Penn State players celebrate after scoring the winning point against BYU, right, during the NCAA women's volleyball tournament championship match in Oklahoma City, Saturday, Dec. 20, 2014. Penn State won in three sets. From left at Penn State's Megan Courtney (17), Ali Frantti (5), Nia Grant (7), Dominique Gonzalez (4) and Micha Hancock (12). (Sue Ogrocki, AP / AP)
The senior setter from nearby Edmond won a national title in front of family and friends in her final college match. She had 36 assists and five digs to help Penn State beat Brigham Young 25-21, 26-24, 25-14 Saturday for its second consecutive NCAA women's volleyball championship.
"What's hitting me now is I'm not coming back to play with my girls," Hancock said. "I've been around for a long time. They're like a family to me. I'm just going to miss the Penn State family. It's just weird to be an alum. It's a great way to end my career here."
Hancock helped the Nittany Lions neutralize the nation's No. 1 blocking team. BYU coachShawn Olmstead said Hancock proved why she was named the AVCA national player of the year.
"She deserves all that credit, all that recognition," Olmstead said. "Absolutely, she is the best. She gets my vote. She did an outstanding job. She did move the ball around better than we did."
Penn State's Megan Courtney was named the tournament's most outstanding player. The junior had 23 kills against Stanford in the semifinals and 11 kills and 14 digs in the final.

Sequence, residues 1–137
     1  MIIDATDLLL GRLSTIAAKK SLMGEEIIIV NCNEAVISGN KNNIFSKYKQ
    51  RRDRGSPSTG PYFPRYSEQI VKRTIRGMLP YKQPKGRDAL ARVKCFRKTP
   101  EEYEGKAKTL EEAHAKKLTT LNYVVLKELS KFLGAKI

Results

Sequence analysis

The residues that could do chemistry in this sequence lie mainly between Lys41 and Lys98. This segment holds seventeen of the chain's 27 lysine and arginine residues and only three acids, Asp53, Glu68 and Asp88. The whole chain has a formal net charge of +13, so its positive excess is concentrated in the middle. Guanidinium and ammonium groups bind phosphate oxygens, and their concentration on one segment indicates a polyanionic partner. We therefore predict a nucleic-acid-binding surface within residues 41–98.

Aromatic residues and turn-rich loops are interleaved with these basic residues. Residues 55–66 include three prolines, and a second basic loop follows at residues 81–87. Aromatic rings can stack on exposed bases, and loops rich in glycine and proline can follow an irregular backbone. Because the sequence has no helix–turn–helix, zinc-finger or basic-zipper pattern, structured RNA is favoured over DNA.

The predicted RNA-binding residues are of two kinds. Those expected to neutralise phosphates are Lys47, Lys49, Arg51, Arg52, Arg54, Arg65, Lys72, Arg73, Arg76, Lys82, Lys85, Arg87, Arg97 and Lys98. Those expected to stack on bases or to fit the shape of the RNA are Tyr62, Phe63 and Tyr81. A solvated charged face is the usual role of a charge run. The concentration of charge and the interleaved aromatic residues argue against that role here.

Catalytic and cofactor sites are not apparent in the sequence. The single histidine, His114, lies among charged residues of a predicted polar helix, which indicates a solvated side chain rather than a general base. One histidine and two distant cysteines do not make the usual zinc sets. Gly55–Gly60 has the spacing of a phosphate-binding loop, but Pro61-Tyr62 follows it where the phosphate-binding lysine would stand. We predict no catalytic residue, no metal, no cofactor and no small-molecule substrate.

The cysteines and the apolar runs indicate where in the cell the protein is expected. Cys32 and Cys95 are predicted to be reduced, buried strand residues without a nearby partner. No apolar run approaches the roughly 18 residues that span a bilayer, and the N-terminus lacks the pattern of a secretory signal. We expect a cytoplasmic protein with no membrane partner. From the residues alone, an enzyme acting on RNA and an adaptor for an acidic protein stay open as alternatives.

Aiyana Whitney had 11 kills in the final and Nia Grant had nine for Penn State (36-3), which won its sixth title in eight years and No. 7 overall to break a tie with Stanford for most overall championships.
Jennifer Hamson had 14 kills and Alexa Gray added nine for BYU, which had won 12 straight matches. The Cougars (30-5) beat traditional powers Nebraska and Texas to get to the final, and were trying to become the first unseeded team to win a national championship.
"These kids didn't fail," Olmstead said. "They didn't lose. They competed, and they're going to grow from this experience, and they're going to be better because of it."
In the first set, Whitney had five kills and Courtney and Grant had three for the Nittany Lions, who held BYU to a .132 hitting percentage.
In the second set, BYU took a 17-14 lead before Penn State rallied to take it 26-24. Whitney hammered down four more kills with just one error. Gray had six kills in the set, but the Cougars struggled with their passing game.
Hamson's service error at 24-all gave Penn State a set point, and a double block by Hancock and Haleigh Washington put the set in the Nittany Lions' column.
Penn State rolled through the third set, holding the Cougars to a minus-.028 hitting percentage.
"I thought we had opportunities," Olmstead said. "I thought we were close. Maybe others don't think that, but I want to think that. I thought we pushed them. We gave them a good fight."
The Nittany Lions might not be done winning titles. Courtney, Whitney, Washington and outside hitter Ali Frantti all return.
Still, Hancock's shoes are going to be tough to fill.
"Micha's had a lot of great things happen at Penn State," coach Russ Rose said. "She's worked hard, and I'm sure that I've been hard on a lot of players, and I'm sure I was especially hard on her and her development. I think she achieved what she wanted to achieve when she came to Penn State."
Penn State's Micha Hancock (12) and Haleigh Washington (15) block a shot by BYU during the NCAA women's volleyball tournament championship match in Oklahoma City, Saturday, Dec. 20, 2014. Penn State won in three sets. (Sue Ogrocki, AP / AP)